It’s Now or Never for the UK Says Boris Johnson, as Freedom Day Is Announced
Tuesday, July 6, 2021
Johanna Ross is a journalist based in Edinburgh, Scotland.
On the day the National Health Service in Britain celebrated its 73rd birthday, Prime Minister Boris Johnson chose to announce an end to the biggest health crisis the organisation, and arguably the nation, has ever had to deal with.
But while the British PM said that lifting all Covid restrictions on 19th July was a question of ‘now or never’, scientific advisors were slightly more nuanced in their approach. Boris Johnson spoke of summer being the best time to open up the country; that face masks and social distancing would no longer be mandatory; that night clubs would open for the first time in 16 months, and that people could once again attend large gatherings. Yet brazen Boris was flanked on either side by his more cautious advisors, so obviously not wanting to get involved in the political decision-making, or to openly contradict the PM, but nevertheless repeating key aspects of the data which diametrically opposed what their boss was saying.
‘Cases are rising’ repeated Sir Patrick Vallace, the government’s Chief Scientific Advisor; ‘hospitalisations are rising and quite steeply in some areas… we will still see increases in hospitalisation’. He said it is estimated that roughly 1 in 210 people in the UK are currently infected with Covid. To Johnson’s left, Chris Whitty was on the same wavelength as his colleague: ‘I would wear a mask under 3 situations and I would do so particularly at this point when the epidemic is significant and rising’. Boris Johnson, on the other hand, emphasised that the decision on whether to open up is about ‘balancing the risks’ and asked ‘we must be honest with ourselves that if we can’t open up our society in the next few weeks…when will we be able to return to normal?’
Chris Whitty, for his part, acknowledged the difficulty for the government in taking the decision and personally agreed that there was an advantage to opening up in the summer. He also said that he felt that any further delay to opening up would effectively be postponing further hospitalisations and deaths, not avoiding them altogether.
However, the epidemiologist advising the Scottish government, Professor Devi Sridhar, expressed concern about abandoning all Covid restrictions. She said that measures such as wearing face masks should be prolonged, as it was a small price to pay for reduced transmission. Sridhar had earlier criticised the new Health Minister Sajid Javid, who in an article in the Mail on Sunday, compared Covid to Flu, implying that it is a disease we will have to learn to live with. The scientist tweeted ‘New UK health minister saying COVID is like flu. Same position 18 months into the pandemic. We didn’t have to vaccinate the entire adult population against flu, or do mass community testing, or have lockdowns and hospitals full. I don’t understand this analogy.’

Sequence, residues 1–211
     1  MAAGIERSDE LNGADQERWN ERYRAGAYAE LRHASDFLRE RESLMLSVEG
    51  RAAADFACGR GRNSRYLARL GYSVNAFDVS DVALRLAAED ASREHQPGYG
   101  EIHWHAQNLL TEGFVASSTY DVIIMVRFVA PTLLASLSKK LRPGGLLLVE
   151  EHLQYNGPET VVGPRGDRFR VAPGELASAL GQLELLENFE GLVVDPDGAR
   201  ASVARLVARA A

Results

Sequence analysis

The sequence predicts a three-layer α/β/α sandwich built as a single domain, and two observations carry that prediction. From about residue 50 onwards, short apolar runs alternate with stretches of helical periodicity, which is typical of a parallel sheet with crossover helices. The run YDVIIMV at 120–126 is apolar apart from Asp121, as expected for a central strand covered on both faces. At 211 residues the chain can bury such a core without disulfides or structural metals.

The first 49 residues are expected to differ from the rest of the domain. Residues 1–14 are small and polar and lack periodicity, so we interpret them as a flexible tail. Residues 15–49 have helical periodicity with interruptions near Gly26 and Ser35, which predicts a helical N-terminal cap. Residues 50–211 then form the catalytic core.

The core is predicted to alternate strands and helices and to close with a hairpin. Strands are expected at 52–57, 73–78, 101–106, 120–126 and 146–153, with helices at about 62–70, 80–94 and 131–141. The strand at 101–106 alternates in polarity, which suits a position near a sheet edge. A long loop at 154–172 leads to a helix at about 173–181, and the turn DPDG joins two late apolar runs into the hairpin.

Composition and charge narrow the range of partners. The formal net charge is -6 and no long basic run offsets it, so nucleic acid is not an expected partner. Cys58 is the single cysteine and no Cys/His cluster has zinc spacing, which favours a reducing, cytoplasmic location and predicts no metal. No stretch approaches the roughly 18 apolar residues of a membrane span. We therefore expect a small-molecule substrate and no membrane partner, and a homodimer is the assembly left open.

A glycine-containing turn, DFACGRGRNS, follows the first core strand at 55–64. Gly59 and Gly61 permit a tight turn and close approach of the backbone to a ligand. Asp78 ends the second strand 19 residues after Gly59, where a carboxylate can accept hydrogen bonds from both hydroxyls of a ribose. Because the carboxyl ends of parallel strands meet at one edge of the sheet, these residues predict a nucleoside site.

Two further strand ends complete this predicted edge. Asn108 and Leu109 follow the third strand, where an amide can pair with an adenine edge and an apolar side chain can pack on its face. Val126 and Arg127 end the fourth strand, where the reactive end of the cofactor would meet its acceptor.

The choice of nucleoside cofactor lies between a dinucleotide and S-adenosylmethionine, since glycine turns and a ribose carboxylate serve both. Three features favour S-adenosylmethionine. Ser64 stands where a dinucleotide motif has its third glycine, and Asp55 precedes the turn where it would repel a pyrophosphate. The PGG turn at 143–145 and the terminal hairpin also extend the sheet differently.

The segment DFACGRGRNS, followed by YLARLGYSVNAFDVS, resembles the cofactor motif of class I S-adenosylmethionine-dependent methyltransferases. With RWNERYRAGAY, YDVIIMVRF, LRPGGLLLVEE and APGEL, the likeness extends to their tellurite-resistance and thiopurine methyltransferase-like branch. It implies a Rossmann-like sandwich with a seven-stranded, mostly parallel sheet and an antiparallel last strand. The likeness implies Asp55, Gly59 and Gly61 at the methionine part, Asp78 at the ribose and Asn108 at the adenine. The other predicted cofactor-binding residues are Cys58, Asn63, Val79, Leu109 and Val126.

In agreement with this was Sir Keir Starmer, opposition leader, who said Johnson was ‘reckless’ to announce an opening up on 19th July and that basic measures such as social distancing and indoor ventilation should remain. But the Prime Minister maintains that the key point about opening up is to end government dictat regarding Covid restrictions, and hand over responsibility to the individual.
It does seem to be a case of Johnson being damned if he does, and damned if he doesn’t when it comes to a roadmap out of the pandemic. If he had decided to delay ‘Freedom Day’ further then he would have been heavily criticised by businesses, many of whom are on their last legs, if they have been lucky enough to survive the health crisis. Wedding organisers, night clubs and others in the entertainment industry will be desperate to open up on 19th July if they are to have any chance of remaining in business. In October last year, 42% of entrepreneurs said they had less than 6 months of cash reserves left. So it’s possible that many of these companies have already gone to the wall.
By announcing ‘Freedom Day’, Johnson has therefore given hope to business and a light at the end of the tunnel for the British economy. As is often the case with this PM, it is a gamble. A complete lifting of restrictions at a time when cases are rising, could backfire and cause another lockdown at a later stage. The Delta variant, which is responsible for so many of the current cases, is more transmissible than previous strains of the virus, so we could soon see cases skyrocketing as holidaymakers travel around the country this summer. It’s a risk Johnson is prepared to take, and although he may live to regret it, it’s unlikely to have any major political repercussions for him if he does. For if anything, Boris Johnson is a survivor.
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